Vegetable of the Vine?

By Angela Denstad Stigeler

The debate about whether or not a tomato is a fruit or a vegetable seems to be only slightly less contentious than the age-old dilemma of how to pronounce its name. Botanically speaking, tomatoes fit the definition of fruit to a T; however, common culinary use would plant them firmly in the category of vegetable. When the US Supreme Court was asked to weigh in on the matter in order to decide if a ten percent vegetable tariff should apply to tomato imports, Justice Horace Gray admitted in his 1893 decision that while tomatoes are “the fruit of a vine,” they are “usually served at dinner in, with or after the soup, fish or meats which constitute the principal part of the repast, and not, like fruits generally, as dessert.”

If you’re still not sure whether to side with the botanists or the court, you can further blur the distinction by trying this wonderful cherry tomato cobbler recipe, giving tomatoes a treatment usually reserved for sweets. The savory thyme biscuits atop the roasted cherry tomatoes and caramelized onions are sure to please. So whether you say tomato is vegetable or fruit, you’re sure to pronounce this dish delicious.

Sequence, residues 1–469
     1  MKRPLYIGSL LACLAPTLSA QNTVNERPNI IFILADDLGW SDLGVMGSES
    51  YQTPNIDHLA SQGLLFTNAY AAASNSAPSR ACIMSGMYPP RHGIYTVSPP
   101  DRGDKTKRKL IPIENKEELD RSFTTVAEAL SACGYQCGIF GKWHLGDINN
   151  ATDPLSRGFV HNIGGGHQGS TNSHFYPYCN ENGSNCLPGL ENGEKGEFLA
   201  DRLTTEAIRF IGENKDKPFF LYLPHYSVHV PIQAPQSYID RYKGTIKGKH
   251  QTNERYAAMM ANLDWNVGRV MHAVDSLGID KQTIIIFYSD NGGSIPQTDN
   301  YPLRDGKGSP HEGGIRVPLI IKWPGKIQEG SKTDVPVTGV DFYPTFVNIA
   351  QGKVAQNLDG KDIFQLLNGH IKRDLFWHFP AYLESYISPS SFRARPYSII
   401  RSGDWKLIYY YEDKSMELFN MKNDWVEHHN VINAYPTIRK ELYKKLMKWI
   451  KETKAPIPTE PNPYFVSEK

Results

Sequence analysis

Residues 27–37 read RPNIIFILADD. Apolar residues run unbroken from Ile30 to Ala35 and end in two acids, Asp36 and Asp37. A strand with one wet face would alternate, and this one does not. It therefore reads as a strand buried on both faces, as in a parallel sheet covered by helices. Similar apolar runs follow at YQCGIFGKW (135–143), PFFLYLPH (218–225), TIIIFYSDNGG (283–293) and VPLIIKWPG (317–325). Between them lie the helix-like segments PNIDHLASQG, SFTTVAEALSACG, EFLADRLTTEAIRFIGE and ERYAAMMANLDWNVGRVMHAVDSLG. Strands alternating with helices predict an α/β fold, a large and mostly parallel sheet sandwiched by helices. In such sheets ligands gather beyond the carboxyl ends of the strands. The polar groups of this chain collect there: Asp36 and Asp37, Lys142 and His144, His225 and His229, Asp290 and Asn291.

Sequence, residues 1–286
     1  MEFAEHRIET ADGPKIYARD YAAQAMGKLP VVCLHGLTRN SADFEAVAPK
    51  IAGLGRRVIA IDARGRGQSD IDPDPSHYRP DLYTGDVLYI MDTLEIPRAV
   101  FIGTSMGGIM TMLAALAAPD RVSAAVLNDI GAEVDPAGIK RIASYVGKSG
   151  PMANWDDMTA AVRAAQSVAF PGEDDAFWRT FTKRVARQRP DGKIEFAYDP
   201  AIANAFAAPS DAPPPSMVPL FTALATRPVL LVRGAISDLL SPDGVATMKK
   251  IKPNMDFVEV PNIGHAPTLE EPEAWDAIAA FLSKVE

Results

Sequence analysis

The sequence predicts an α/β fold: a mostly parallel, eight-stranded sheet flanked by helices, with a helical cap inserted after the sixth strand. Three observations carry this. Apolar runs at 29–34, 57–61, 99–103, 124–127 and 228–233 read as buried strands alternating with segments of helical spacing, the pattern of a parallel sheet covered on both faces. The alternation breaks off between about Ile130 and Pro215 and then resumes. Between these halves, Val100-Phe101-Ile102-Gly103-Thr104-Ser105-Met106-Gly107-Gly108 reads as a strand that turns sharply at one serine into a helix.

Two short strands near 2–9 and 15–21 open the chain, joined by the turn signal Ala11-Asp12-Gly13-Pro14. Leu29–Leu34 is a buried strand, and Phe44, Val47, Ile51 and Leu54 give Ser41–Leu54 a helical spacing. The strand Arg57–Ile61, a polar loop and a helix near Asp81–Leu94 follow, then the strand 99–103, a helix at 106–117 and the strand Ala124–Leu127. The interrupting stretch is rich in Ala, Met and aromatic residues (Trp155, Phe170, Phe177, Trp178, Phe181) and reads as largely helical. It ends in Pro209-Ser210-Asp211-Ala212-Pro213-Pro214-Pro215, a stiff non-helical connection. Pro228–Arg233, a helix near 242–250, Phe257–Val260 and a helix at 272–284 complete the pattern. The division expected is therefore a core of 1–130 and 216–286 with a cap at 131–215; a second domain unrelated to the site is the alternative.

Cherry Tomato Cobbler


2 tablespoons olive oil

1 large onion, halved and thinly sliced

2 cloves of garlic, minced

2-3 pounds cherry tomatoes, rinsed

salt and ground black pepper to taste

2 cups plus 3 tablespoons all-purpose flour

1 tablespoon baking powder

1 tablespoon fresh thyme, plus sprigs for garnish

1/2 teaspoon salt

1/2 cup (1 stick) cold butter

3/4 cup heavy cream or buttermilk, plus extra cream for glaze


Heat the olive oil in a large skillet. Add the onion and cook over high heat until wilted, about 5 minutes. Reduce the heat to low and continue to cook the onion for 20-25 minutes until caramelized. Add the garlic and cook for another 3 minutes. Let cool a bit before adding the tomatoes, 3 tablespoons flour, salt and pepper. Toss to combine. Transfer the mixture to a large glass pie plate or casserole.

Preheat the oven to 350 degrees F. For the dough, mix together the remaining 2 cups flour, baking powder, thyme and salt. Cut the cold butter into small cubes or grate it into the dry ingredients, and mix it in to the flour using your fingers, a pastry blender or two knives. Gradually add heavy cream or buttermilk, mixing the dough with a fork. The dough will be a little sticky. Spoon 5-7 clumps of biscuit dough over the tomatoes in a circle, leaving the center open. Brush the dough with cream. Bake until tomatoes are bubbling in the center and biscuits are golden brown, about 40-45 minutes. Cool slightly and garnish with fresh thyme to serve.